September 12, 2022

Faculty Spotlight: Tisch Sports Clinical Assistant Professor Jarrod Barnes

Jarrod Barnes joins the NYU SPS Preston Robert Tisch Institute for Global Sport as a clinical assistant professor from the Emerson Collective and Unshackled Ventures, where he was involved in investing in early-stage startups at the intersections of education technology, the future of work, gaming, and web3, the next iteration of the World Wide Web.

A native of Columbus, Ohio, a passionate entrepreneur, and a former football student-athlete at The Ohio State University, he has led corporate innovation efforts for the Los Angeles Rams and founded multiple startups, including Compass, a web3 health platform providing tokenized rewards for improving mental fitness, and Prime U, a learning and development platform for sports teams.

He recently talked about how his friendship with the Tisch Institute’s Daniel Kelly led him to become part of the NYU SPS faculty, the evolution of esports, gaming, and web3, and his enthusiasm for working with the program’s associate dean Vince Gennaro on an initiative to bring the use of NFT’s into the NYU SPS student experience.

What attracted you to joining the NYU SPS Preston Robert Tisch Institute for Global Sport?
I’ve spent most of my career in and around the sports industry and began my career as a college football coach at Ohio State University. I’ve found that the best coaches are the best teachers and discovered my passion for helping individuals get from where they are to where they want to go. At Ohio State, I met Daniel Kelly, academic director of graduate programs at the Tisch Institute, where we shared our passion for teaching the business of sports.

As I considered the next step in my career, the opportunity to join a department that’s at the forefront of innovation in sports business education was an opportunity I could not pass up. More importantly, the chance to work alongside a world-class faculty and students eager to push the boundaries is what gets me excited to come to work each day.

Where do you see the evolution of esports/gaming and web3 heading? How will it impact how we consume sports entertainment in the coming years?
Web3 is a tool that is advancing how we purchase, own, share, connect, and experience with one another. As the underlying infrastructure has become more accessible, we see some compelling use cases across sports and entertainment. Whether it be Fan Controlled Football or Paris St. Germain giving fans a voice in decision-making (through social tokens or membership NFTs), web3 is shifting what it means to be a fan from passive to active, creating more ownership for consumers over their experience. Similar to what fantasy sports did for the industry in the late 90s/early 2000s, web3 technology is doing that for the industry today.

That said, we are still in the early innings of overall adoption. Even though NFL All Day and NBA Top Shot are leading the NFT ecosystem in sports, for web3 to truly become mainstream in sports, my perspective is that it will come through seamless integration opportunities with more approachable language – for example, issuing commemorative tickets for sporting events as an NFT. Teams have the opportunity to operate as ecosystems, and leagues will have a vested interest in rolling out best practices to maximize the depth and reach of fan engagement.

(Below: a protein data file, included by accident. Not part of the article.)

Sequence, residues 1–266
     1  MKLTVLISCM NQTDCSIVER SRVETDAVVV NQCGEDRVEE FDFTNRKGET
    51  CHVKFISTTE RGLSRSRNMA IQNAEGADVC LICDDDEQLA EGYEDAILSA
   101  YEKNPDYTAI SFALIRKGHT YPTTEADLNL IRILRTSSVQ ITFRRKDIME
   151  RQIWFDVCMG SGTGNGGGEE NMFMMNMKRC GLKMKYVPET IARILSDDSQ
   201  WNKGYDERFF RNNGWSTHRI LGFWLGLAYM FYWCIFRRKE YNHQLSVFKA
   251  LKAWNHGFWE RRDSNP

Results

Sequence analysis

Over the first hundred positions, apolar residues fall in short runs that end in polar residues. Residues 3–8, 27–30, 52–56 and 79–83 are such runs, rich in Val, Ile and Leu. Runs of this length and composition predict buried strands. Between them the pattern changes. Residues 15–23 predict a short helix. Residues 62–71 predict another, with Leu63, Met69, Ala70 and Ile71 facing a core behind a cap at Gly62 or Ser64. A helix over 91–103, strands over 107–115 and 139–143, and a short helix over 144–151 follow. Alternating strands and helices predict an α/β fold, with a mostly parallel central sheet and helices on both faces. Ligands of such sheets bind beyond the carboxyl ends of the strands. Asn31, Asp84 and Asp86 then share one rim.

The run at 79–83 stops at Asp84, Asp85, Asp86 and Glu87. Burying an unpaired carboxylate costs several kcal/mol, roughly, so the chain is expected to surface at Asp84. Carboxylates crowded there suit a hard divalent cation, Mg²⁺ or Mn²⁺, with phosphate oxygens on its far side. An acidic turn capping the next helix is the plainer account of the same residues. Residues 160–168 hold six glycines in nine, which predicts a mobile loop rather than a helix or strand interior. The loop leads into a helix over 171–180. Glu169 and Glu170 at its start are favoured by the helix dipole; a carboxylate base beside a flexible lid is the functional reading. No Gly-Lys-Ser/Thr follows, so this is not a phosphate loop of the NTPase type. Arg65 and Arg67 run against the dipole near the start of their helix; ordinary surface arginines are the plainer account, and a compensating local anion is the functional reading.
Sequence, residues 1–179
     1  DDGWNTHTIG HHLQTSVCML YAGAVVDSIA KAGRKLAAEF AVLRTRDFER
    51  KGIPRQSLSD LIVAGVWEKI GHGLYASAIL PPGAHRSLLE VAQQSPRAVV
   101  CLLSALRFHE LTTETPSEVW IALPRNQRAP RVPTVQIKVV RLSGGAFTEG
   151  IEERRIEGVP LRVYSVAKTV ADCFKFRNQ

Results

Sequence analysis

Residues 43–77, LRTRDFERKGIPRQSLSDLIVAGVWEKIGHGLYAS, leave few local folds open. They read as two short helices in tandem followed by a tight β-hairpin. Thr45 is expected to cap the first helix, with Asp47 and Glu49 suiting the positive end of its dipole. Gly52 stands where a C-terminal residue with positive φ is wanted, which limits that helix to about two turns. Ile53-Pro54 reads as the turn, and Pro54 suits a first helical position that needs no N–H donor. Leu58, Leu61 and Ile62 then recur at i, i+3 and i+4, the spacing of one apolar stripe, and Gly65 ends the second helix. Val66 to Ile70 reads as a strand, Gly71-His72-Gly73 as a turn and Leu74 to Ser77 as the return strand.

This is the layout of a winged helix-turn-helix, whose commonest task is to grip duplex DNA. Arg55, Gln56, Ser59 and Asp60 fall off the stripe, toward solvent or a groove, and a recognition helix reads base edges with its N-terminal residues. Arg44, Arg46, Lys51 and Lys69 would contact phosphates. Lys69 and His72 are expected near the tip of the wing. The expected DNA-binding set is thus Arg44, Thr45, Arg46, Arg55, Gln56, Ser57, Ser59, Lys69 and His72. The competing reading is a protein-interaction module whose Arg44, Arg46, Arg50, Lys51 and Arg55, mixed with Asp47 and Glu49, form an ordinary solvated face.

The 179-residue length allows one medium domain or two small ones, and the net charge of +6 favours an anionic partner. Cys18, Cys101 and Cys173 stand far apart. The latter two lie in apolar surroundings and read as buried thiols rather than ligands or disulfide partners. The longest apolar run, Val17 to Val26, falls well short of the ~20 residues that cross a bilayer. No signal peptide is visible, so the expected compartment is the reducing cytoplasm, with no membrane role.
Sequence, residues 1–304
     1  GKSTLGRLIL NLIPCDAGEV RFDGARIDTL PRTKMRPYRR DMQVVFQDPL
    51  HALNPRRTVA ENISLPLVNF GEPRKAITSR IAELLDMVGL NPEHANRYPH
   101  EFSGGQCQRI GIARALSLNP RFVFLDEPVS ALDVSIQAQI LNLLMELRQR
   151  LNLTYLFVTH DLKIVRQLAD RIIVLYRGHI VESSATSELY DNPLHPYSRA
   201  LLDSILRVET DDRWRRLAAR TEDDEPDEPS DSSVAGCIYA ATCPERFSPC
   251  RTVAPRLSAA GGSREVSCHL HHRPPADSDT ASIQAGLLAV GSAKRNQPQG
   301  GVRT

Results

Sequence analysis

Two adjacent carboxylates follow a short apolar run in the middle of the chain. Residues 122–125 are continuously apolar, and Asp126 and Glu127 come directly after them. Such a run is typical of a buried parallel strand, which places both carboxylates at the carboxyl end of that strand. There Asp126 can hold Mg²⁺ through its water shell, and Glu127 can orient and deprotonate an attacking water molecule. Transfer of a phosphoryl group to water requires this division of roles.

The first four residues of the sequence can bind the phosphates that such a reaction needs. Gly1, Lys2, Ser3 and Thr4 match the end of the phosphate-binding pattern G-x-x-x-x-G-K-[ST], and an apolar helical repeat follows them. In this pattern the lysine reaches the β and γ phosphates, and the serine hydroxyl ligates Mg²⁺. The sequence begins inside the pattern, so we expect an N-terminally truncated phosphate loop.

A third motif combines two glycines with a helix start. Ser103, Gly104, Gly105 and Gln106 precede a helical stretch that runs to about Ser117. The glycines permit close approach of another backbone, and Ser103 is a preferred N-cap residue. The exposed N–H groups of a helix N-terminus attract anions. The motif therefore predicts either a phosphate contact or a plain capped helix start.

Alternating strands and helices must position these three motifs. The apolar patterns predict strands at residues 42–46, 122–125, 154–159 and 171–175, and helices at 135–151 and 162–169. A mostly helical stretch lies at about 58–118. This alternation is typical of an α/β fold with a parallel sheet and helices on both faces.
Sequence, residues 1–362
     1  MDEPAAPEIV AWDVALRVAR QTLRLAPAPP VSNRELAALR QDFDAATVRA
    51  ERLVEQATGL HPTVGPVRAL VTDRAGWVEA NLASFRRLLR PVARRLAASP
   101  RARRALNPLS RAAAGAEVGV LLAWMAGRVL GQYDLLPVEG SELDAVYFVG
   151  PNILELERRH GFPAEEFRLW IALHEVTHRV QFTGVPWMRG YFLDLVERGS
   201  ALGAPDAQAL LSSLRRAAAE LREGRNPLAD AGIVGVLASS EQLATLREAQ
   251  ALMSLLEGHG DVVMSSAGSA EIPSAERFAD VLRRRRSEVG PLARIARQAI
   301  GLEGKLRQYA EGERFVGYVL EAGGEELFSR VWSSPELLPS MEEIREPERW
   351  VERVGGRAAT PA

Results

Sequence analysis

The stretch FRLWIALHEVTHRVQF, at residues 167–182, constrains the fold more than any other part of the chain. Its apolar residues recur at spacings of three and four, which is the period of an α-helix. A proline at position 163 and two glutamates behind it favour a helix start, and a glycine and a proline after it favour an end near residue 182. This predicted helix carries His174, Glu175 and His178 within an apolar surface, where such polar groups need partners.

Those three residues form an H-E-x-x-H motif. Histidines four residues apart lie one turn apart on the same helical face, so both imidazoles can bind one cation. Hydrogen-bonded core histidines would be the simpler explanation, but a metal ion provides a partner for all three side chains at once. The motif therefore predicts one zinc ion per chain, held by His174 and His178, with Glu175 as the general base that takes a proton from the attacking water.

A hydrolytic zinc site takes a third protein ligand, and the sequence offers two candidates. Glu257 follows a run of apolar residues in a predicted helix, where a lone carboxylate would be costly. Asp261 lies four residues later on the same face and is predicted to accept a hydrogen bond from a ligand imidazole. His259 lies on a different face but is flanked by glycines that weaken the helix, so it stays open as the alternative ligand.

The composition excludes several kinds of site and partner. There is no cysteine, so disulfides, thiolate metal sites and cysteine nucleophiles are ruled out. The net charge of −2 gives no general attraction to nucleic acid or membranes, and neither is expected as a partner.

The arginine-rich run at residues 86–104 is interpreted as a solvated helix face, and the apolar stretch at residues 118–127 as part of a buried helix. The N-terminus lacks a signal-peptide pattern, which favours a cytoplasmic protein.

What are some of the industry challenges and opportunities you see?
The way we as a society are consuming information is changing. TikTok is the most visited website in the world, passing Google to become the go-to outlet for native search. One of the key trends in sports media is segmenting games, matches, and events into “moments.”  The average fan no longer watches full sporting events –  Buzzer is tackling this opportunity head-on by creating a platform that features short-form, live content where users only pay for moments that matter to them.

That said, maintaining the attention of Gen Z and the average fan, in general, is still a challenge for sports media and OTT platforms. We live in an “attention” economy, where the average attention span of a consumer is less than 8 seconds. While the groundbreaking media rights deals from the NFL, NBA, and Big Ten Conference are driving unprecedented revenue to the sports industry, maintaining fans' engagement, loyalty, and attention is more challenging now than ever.

What are you most excited about sharing or teaching your students this academic year?
I’m most excited to interweave foundational ethical decision-making frameworks throughout our courses this year. The amount and range of decisions an executive in the sports industry has to make daily is often overlooked and underappreciated. As the commercialization of sports continues to expand, so do leaders' considerations and decision frameworks. From integrating diversity, equity, and inclusion into the fabric of one's thought process to understanding the weight of social responsibility sports organizations have in our country are all key aspects interwoven throughout our courses.

What are some of the initiatives you are working on?
I’ve been thrilled to partner with Associate Dean Gennaro and the Tisch Institute on our innovation initiatives, specifically the integration of NFTs into our student experience and providing exposure to blockchain technology for our students. We’re planning to facilitate an Emerging Issues in Sports course around NFT creation, which will include the development of a comprehensive NFT strategy for a sports organization, along with the opportunity to mint an NFT project as a capstone. In addition to the academic experience, students will also have the opportunity to earn their NFT with tiered rewards for attending events and participating in experiential learning and serve as a unique collectible “moment” of their time at NYU.

Related Articles